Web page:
“This analysis shows that isolation and contact tracing reduce the time during which cases are infectious in the community,” Lancet’s research found. “The overall impact of isolation and contact tracing, however, is uncertain and highly dependent on the number of asymptomatic cases. Moreover, children are at a similar risk of infection to the general population, although less likely to have severe symptoms; hence they should be considered in analysis of transmission and control.”
Some 77 percent of the initial cases were identified by their symptoms and had an average age of 45. The researchers followed 228 of the original cases through the course of disease and documented three deaths. Among the close contacts who proved infected, 20 percent had no symptoms and 29 percent had no fever.
Men older than 60 had the most severe symptoms.
The researchers put the median incubation period at 4-8 days before the onset of symptoms. However, in about 5 percent of cases symptoms didn’t develop for 14 days. On average, it took an average of 22 days to recover, with much quicker recovery in young adults.
On average, each infected person spread the virus to 0.4 other people – a relatively low infection rate. However, some people were “super spreaders.” In fact, 80 percent of the infections came from just 9 percent of the initial patients. The odds of spreading the virus increased over time, which means that vigorous contact tracing could find and isolate people before they become highly infectious. Since China was aggressively contact tracing and testing, this response could account for the relatively low rate of spread – especially compared to the US experience.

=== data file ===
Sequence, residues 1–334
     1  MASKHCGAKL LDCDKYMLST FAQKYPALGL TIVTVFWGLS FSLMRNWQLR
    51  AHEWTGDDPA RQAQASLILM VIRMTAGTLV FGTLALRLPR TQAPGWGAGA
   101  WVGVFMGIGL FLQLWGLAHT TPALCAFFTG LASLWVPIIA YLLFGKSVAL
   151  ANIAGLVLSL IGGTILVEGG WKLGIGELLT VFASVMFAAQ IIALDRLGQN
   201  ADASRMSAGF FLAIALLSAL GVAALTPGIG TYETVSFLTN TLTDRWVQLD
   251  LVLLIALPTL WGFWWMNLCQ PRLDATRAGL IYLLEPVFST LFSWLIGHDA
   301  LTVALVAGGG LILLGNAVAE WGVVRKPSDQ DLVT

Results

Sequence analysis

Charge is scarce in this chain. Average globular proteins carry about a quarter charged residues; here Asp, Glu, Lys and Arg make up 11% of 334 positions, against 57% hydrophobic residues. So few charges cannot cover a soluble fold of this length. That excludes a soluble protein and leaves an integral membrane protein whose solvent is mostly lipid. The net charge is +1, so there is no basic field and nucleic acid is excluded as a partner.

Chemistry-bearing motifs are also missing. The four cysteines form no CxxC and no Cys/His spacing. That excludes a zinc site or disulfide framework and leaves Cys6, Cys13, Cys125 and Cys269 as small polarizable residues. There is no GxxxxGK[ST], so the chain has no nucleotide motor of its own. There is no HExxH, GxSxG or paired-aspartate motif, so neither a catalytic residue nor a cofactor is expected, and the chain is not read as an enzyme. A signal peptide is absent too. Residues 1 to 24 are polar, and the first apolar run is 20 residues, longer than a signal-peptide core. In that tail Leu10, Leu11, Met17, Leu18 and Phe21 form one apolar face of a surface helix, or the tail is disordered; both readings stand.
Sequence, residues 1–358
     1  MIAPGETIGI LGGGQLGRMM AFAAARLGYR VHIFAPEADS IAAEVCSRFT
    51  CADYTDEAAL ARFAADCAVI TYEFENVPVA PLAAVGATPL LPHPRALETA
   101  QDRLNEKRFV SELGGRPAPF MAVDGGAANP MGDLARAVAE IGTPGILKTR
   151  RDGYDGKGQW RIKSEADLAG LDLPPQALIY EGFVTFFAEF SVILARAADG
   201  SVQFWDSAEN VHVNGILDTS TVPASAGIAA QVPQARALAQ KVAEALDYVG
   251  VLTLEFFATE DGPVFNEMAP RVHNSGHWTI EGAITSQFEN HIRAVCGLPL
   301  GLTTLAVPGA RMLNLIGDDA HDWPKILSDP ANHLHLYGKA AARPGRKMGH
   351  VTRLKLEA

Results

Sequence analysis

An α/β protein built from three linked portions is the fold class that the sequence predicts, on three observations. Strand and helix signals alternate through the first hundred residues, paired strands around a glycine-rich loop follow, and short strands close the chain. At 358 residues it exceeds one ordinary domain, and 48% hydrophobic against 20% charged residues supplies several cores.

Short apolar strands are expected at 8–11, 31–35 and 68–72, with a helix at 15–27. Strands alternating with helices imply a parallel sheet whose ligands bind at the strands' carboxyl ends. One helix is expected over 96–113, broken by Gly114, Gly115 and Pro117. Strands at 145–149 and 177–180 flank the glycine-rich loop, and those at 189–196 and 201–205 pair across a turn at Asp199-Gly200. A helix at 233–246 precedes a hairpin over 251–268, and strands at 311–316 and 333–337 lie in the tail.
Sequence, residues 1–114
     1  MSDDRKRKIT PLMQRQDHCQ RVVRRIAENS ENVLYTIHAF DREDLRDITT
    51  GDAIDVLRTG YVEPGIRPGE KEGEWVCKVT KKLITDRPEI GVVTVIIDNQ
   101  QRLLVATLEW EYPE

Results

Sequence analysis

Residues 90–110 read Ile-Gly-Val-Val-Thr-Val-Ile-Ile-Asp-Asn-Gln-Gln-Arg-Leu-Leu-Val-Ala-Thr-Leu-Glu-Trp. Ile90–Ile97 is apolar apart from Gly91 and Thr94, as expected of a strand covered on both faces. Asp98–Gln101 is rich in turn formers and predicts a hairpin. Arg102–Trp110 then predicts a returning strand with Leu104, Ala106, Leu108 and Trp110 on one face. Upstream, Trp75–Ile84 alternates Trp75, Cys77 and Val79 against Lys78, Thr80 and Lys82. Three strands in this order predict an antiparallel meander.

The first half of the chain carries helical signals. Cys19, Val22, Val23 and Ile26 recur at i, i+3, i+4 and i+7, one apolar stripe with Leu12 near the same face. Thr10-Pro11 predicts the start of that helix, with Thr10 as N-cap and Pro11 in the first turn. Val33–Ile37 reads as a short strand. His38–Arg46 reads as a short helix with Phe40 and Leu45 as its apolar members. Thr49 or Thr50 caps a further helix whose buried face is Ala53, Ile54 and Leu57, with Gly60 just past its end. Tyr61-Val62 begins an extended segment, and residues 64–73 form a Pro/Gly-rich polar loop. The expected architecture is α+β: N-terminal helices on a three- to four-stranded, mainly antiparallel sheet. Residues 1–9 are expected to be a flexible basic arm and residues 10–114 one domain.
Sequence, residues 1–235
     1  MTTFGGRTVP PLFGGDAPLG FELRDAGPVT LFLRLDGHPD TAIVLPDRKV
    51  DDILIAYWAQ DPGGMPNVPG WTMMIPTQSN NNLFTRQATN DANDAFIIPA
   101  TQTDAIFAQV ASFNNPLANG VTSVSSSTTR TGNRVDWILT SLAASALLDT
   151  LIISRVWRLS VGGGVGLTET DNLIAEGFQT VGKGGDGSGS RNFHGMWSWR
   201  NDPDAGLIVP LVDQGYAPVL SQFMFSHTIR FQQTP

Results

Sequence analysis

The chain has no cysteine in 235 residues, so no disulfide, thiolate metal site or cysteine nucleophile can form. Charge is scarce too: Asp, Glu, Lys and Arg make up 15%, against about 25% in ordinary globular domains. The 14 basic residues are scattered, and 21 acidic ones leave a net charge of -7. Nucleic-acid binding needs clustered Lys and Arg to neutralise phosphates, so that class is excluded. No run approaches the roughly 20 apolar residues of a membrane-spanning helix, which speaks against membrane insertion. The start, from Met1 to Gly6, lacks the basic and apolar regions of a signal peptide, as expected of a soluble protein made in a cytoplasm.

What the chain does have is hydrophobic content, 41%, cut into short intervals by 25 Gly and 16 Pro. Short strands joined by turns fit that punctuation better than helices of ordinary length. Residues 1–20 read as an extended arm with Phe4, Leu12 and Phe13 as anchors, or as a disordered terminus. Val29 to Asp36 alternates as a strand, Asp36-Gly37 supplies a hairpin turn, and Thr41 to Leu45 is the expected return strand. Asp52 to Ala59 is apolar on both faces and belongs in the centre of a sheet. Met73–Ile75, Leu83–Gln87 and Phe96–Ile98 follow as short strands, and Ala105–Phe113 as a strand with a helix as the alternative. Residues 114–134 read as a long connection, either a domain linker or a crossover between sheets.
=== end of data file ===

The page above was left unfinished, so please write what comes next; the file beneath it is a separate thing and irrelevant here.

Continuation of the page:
“However, uncertainty in the number of asymptomatic cases missed by surveillance and their ability to transmit SARS-CoV-2 must temper any hopes of stopping the COVID-19 pandemic by these measures.”
The study found that 20 percent of those infected never did develop symptoms. Other studies have suggested perhaps 40 to 50 percent of people infected don’t ever know they’re infected – and therefore don’t get tested and are never quarantined.
The stakes in slowing the spread of the virus through testing and contact tracing remains especially high in rural Navajo, Apache and Coconino counties, which have the highest death and infection rates in the state.
Nonetheless, the state’s three-week testing blitz with drive-through testing centers remains focused on Maricopa and Pima Counties – which have far more cases but lower infection rates per 1,000 population.
Early this week, the state had an infection rate of 158 per 100,000 and a death rate of 7.54.
Compare that to Navajo County, which had 892 cases and 33 deaths per 100,000. About 22 percent of the swab tests and 12 percent of the antibody tests were coming back positive – which means only people with serious symptoms or close contact with an infected person are getting tested.
In Apache County, the infection rate is 1,012 and the death rate 14 per 100,000. Some 16 percent of the swab tests and 9 percent of the antibody tests were coming back positive.
Statewide, about a quarter of the deaths have occurred in nursing homes. People over 65 account for 80 percent of the deaths and those between 55 and 64 another 11 percent of deaths.